Let Abbott & Dartt Appraisal Svc help you figure out if you can get rid of your PMIIt's generally understood that a 20% down payment is accepted when purchasing a home. Since the liability for the lender is often only the remainder between the home value and the amount remaining on the loan, the 20% provides a nice cushion against the costs of foreclosure, reselling the home, and natural value variations in the event a borrower doesn't pay.
Banks were accepting down payments discounted to 10, 5 and even 0 percent in the peak of last decade's mortgage boom. A lender is able to handle the added risk of the small down payment with Private Mortgage Insurance or PMI. This added policy guards the lender if a borrower doesn't pay on the loan and the value of the home is lower than what is owed on the loan.
Because the $40-$50 a month per $100,000 borrowed is bundled into the mortgage monthly payment and many times isn't even tax deductible, PMI can be pricey to a borrower. Instead of a piggyback loan where the lender takes in all the damages, PMI is lucrative for the lender because they obtain the money, and they are covered if the borrower defaults.
How can a home owner prevent paying PMI?The Homeowners Protection Act of 1998 requires the lenders on most loans to automatically stop the PMI when the principal balance of the loan equals 78 percent of the primary loan amount. The law designates that, upon request of the home owner, the PMI must be dropped when the principal amount equals only 80 percent. So, smart homeowners can get off the hook a little earlier.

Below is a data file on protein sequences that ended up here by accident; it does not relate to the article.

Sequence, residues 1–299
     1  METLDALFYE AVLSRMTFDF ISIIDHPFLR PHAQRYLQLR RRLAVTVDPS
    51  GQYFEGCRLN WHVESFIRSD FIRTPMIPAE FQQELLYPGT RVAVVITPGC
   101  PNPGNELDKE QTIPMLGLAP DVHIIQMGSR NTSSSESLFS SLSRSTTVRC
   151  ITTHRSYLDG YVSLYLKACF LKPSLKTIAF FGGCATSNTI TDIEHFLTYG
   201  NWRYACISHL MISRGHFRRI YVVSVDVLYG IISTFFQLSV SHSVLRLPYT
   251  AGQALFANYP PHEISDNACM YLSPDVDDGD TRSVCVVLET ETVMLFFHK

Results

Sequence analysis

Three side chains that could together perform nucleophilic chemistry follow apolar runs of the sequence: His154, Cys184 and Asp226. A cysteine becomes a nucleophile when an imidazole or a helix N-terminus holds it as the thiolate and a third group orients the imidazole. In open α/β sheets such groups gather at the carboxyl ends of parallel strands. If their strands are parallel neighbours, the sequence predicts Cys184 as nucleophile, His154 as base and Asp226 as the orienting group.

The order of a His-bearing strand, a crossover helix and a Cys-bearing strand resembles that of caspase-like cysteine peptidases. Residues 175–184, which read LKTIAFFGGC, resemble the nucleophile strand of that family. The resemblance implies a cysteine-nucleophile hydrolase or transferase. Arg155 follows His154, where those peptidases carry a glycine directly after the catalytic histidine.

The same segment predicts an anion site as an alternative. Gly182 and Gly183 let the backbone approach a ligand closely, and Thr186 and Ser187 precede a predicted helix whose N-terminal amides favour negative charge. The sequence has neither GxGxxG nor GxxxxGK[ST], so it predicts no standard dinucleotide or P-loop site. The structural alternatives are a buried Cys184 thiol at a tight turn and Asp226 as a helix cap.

It can take a significant number of years to get to the point where the principal is just 80% of the initial amount borrowed, so it's essential to know how your Vermont home has grown in value. After all, every bit of appreciation you've gained over the years counts towards removing PMI. So why pay it after your loan balance has fallen below the 80% mark? Even when nationwide trends indicate falling home values, realize that real estate is local. Your neighborhood may not be heeding the national trends and/or your home could have acquired equity before things declined.
The difficult thing for many homeowners to determine is just when their home's equity rises above the 20% point. A certified, Vermont licensed real estate appraiser can certainly help. Market dynamics and neighborhood-specific pricing trends are an appraiser's primary job! At Abbott & Dartt Appraisal Svc, we're masters at identifying value trends in Essex Junction, Chittenden County, and surrounding areas, and we know when property values have risen or declined. When faced with figures from an appraiser, the mortgage company will often eliminate the PMI with little effort. At that time, the home owner can enjoy the savings from that point on.
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